Commentary: Incredibles 2 and Isle of Dogs are probably Ralph Breaks the Internet's biggest competition. Incredibles isn't as inclusive as Ralph Breaks the Internet, and Isle of Dogs is a little racist. Plus, both of them came out much earlier than Ralph Breaks the Internet, which lessens their chances.



Best Documentary

RBG

Won't You Be My Neighbor?

Free Solo

This Changes Everything

Fahrenheit 11/9


Alternate selections: Three Identical Strangers, Reversing Roe


Winner: Won't You Be My Neighbor?


Commentary: I don't know enough about docs to be confident in my nomination list, but I do think the Mister Rodgers flick will end up winning. Won't You Be My Neighbor? was something of a phenomenon among the documentary lineup this year, bringing people who often ignore docs to the theater. That should enough for the voters who will vote without having watched all of the nominees.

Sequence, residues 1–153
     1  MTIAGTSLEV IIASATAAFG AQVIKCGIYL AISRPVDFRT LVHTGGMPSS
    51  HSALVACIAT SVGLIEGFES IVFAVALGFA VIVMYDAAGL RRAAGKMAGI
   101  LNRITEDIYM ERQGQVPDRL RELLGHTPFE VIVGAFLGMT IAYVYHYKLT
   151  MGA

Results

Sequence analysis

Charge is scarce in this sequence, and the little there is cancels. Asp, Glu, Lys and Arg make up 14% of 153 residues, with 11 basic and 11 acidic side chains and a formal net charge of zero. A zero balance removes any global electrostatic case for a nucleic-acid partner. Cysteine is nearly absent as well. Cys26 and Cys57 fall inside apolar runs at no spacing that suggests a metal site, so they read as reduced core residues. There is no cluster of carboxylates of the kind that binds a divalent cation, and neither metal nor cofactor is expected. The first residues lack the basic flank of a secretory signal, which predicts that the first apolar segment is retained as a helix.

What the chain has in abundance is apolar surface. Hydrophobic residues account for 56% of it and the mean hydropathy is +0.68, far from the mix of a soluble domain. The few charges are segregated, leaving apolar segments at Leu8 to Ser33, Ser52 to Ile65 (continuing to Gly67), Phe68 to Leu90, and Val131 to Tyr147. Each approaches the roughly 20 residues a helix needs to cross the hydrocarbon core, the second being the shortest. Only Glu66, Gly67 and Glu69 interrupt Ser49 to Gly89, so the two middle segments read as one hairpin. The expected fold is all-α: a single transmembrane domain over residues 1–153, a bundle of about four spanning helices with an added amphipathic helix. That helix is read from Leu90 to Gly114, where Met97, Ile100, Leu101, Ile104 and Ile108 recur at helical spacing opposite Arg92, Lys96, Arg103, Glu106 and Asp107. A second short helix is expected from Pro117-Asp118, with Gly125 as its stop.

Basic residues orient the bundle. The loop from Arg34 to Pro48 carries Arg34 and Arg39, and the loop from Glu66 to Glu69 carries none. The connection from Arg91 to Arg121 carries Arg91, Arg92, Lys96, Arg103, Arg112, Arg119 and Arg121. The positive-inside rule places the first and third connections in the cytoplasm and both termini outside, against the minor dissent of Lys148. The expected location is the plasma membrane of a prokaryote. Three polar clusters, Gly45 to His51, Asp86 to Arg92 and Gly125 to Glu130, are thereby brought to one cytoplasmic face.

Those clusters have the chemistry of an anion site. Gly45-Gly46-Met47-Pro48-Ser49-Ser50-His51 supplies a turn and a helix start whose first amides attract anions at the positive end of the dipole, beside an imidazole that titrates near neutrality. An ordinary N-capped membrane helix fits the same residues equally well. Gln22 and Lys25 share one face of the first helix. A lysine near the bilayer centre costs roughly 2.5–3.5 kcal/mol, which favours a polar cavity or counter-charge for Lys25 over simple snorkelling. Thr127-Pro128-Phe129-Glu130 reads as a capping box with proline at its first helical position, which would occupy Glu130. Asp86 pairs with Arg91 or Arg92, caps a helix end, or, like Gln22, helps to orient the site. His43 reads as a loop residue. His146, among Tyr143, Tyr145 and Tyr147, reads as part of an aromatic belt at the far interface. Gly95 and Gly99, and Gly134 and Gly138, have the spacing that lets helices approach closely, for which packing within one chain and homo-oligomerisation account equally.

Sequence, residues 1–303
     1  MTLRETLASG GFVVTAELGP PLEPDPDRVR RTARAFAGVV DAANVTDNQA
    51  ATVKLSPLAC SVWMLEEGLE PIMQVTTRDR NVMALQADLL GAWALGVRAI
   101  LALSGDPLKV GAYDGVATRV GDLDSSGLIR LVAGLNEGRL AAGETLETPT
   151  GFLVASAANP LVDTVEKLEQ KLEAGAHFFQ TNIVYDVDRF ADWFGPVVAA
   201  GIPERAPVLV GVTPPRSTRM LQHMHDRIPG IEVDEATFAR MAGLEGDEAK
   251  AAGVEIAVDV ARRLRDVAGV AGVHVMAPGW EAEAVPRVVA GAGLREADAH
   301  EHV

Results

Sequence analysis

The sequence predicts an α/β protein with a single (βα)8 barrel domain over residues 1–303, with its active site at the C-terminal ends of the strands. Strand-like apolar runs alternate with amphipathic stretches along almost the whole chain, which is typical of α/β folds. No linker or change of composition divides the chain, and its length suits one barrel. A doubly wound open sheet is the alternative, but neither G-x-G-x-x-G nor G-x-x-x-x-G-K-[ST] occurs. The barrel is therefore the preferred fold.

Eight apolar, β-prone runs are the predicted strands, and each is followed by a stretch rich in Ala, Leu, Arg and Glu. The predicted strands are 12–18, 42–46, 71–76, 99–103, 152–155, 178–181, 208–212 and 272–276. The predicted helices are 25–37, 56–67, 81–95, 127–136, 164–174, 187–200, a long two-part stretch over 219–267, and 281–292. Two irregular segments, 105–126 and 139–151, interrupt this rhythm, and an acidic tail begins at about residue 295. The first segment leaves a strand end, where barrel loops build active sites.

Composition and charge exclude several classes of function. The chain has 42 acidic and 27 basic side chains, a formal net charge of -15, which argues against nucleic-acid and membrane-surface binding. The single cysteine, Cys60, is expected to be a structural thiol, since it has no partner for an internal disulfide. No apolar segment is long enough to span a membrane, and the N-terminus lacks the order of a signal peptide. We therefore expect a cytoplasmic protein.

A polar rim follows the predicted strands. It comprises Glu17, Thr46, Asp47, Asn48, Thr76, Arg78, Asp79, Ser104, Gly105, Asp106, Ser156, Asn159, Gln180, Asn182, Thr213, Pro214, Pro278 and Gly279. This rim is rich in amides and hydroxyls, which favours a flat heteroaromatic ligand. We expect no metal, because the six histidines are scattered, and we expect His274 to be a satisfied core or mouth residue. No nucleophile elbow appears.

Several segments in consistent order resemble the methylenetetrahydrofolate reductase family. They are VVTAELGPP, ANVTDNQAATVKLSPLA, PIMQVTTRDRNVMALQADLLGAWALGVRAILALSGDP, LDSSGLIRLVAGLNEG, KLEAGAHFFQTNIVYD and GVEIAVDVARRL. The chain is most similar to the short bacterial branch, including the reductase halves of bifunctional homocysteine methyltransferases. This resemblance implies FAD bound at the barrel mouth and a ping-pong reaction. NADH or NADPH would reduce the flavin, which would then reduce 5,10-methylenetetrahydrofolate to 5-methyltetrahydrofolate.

Best Foreign Language Film

Roma (Mexico)

Shoplifters (Japan)

Dogman (Italy/France)

Cold War (Poland)

The Spy Gone North (South Korea)


Winner: Roma (Mexico)


Commentary: As far as I know, Mexico is the only country that has made their selection official, so this predicted nomination list is more of a blind stab at things after scrolling through some international film festival commentary online. In any case, Roma is almost certainly going to be the only foreign language film included in the Best Picture nominees, which should make it the de facto choice for Best Foreign Language Film.



Best Cinematography

At Eternity's Gate

Roma

If Beale Street Could Talk

First Man

Green Book


Alternate selection: Vice, A Star Is Born


Winner: Roma